You have already shown very clearly, with Kuma, that you refuse to be pigeonholed as someone who makes films about problems of immigration and integration. Cracks in Concrete is a film about sheer survival, and it isn't at all significant that the film is set in Vienna. It could be anywhere else.
Umut Dağ: It was important to me that it should be a universal film. Although Kuma was successful, it featured a phenomenon that hardly anybody would know about unless they were familiar with a certain cultural background. This time I wanted to tell a story that didn't need any explanations. The idea was to make the story universally comprehensible. At the same time, the risk of failure was greater with Cracks in Concrete, because it didn't have the bonus of that exotic aspect. Festivals and distributors were curious about Kuma because of its exotic flavour. Now that I'm working on a universal theme that has often been dealt with before, I have to confront much broader competition.

Austrian films have the reputation of not being feel-good movies. That may well also apply to Cracks in Concrete, but at the same time it creates a universe that hasn’t previously featured in Austrian films. The Austrian film scene is enriched by this new world.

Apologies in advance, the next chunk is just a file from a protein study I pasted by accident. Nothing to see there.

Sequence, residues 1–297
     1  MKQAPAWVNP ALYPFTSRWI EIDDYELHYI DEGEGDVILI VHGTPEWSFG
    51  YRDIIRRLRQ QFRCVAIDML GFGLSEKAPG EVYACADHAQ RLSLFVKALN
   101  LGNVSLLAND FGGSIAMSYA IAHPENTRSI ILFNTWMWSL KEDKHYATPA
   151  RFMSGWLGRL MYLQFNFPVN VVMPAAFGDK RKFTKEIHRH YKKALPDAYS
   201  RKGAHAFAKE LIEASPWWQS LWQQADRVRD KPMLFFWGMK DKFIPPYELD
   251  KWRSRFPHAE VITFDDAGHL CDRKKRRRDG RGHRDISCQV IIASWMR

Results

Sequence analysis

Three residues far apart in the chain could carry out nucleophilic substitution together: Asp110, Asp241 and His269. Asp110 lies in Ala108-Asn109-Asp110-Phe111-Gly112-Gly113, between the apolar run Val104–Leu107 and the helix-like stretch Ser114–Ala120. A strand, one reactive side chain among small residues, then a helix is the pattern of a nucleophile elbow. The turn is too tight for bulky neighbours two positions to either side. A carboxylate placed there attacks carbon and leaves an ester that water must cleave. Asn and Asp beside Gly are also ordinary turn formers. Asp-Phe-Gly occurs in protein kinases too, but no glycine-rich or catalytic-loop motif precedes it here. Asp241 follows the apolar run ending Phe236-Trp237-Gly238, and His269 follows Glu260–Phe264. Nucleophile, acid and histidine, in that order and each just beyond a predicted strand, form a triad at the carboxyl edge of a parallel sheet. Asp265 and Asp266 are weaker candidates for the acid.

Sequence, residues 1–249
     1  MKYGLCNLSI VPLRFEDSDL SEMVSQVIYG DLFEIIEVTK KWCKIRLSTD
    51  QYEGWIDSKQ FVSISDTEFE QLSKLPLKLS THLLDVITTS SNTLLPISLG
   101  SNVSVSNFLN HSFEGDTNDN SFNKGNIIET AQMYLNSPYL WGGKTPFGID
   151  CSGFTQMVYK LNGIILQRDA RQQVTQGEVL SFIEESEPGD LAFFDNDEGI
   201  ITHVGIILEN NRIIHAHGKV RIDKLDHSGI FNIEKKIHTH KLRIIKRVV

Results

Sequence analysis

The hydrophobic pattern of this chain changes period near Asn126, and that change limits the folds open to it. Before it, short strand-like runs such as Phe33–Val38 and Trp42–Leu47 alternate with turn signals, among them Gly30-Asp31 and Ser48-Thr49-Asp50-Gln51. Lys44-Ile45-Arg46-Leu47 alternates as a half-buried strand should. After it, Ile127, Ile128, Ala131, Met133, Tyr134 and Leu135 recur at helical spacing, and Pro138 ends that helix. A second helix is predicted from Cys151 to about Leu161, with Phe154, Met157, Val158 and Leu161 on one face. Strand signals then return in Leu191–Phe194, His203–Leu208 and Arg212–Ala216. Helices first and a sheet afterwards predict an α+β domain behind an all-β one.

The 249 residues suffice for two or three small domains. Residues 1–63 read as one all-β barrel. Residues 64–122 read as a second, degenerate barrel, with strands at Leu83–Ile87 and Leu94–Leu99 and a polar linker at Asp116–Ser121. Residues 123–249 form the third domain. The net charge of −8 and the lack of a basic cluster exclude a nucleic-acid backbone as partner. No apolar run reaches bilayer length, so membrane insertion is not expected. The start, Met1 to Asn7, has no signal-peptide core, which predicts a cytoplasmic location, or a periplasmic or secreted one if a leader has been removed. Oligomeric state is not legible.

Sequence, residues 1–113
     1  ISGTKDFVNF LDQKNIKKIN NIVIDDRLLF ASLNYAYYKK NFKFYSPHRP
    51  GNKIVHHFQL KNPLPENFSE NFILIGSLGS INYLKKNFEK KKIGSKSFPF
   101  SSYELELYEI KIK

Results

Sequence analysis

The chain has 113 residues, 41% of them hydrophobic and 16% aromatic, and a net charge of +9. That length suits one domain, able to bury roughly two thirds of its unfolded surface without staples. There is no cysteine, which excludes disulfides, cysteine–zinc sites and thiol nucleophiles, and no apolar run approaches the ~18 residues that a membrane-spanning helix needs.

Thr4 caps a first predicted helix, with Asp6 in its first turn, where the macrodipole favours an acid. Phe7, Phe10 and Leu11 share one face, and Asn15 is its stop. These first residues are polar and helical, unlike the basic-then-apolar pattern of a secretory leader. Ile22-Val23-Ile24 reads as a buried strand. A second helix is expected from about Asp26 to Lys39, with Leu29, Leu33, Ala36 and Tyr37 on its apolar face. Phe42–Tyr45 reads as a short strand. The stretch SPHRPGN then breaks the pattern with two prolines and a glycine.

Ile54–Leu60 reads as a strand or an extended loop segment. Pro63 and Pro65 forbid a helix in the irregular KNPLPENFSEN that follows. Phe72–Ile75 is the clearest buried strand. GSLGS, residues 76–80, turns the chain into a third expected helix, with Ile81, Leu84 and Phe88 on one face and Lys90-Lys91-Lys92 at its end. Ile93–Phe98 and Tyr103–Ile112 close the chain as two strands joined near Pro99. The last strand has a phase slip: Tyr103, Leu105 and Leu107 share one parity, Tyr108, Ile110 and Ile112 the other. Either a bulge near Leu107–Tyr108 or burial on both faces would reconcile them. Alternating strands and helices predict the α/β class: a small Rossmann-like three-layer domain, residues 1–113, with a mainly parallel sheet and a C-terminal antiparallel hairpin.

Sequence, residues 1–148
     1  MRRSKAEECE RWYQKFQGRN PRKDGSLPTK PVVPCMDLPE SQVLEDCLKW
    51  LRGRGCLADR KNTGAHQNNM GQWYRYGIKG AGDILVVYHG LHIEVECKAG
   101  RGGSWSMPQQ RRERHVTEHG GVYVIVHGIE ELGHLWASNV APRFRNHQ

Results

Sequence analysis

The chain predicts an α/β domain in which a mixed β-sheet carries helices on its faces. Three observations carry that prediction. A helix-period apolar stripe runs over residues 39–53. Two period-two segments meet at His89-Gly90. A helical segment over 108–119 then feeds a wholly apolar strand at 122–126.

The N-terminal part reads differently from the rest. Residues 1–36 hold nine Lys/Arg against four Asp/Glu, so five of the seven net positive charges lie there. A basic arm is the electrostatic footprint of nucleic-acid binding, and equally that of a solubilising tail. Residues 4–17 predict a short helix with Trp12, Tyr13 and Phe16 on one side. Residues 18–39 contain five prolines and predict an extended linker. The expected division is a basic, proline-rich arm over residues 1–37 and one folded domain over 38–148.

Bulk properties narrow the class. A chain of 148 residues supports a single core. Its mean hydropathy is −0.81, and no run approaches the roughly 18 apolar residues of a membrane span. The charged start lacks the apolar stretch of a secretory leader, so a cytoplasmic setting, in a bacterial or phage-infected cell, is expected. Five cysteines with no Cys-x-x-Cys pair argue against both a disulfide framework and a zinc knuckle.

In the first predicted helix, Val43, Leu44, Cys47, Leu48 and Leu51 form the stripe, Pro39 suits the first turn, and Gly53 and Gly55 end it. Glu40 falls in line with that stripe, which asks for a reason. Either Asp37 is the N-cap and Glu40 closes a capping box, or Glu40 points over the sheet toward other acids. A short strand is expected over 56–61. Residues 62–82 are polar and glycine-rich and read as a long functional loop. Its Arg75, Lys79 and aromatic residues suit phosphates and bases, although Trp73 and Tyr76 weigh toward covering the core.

Umut Dağ: Every film is a new world. Of course there are films that are set in similar worlds. If this is a new world for Austrian films, that's really quite sad. If you look at Germany or Holland, things like this are much more common. In that sense we are lagging two generations behind. They did some research in Germany which indicated that there are three phases in the process of actors from an immigrant background establishing themselves in any country. Phase 1 is being ignored, which generally lasts a long time. In phase 2 you get the parts of the token foreigner, usually something like a taxi driver or kebab seller. But in phase 3 you appear as a doctor or a lawyer without anybody raising an eyebrow. We're stuck somewhere between phases 1 and 2, while in other countries they reached the 3rd phase long ago. Of course I might well wonder whether I'm a token foreigner trying to break down the barriers. All I can say is that I'm not consciously trying to do that. Maybe in future film-makers who want to try something similar will be encouraged by my example. They might think that if he can do it, so can I. I'd be really pleased if I could open the door for other talented colleagues, but it still gives me a queasy feeling. Why do I have to be one of the first, in the year 2014? Why hasn't anybody taken a good look at this milieu before now? Why does it take so much longer in this country until a second or third generation is developed to the extent that they aim for professions which were previously unthinkable for them?

The protagonists in Cracks in Concrete are dragged down by a relentless force, and they encounter unremittingly harshness and hatred. The audience is pushed to its emotional limits. How did you and the scriptwriter Petra Ladinigg manage to go through with this radical process?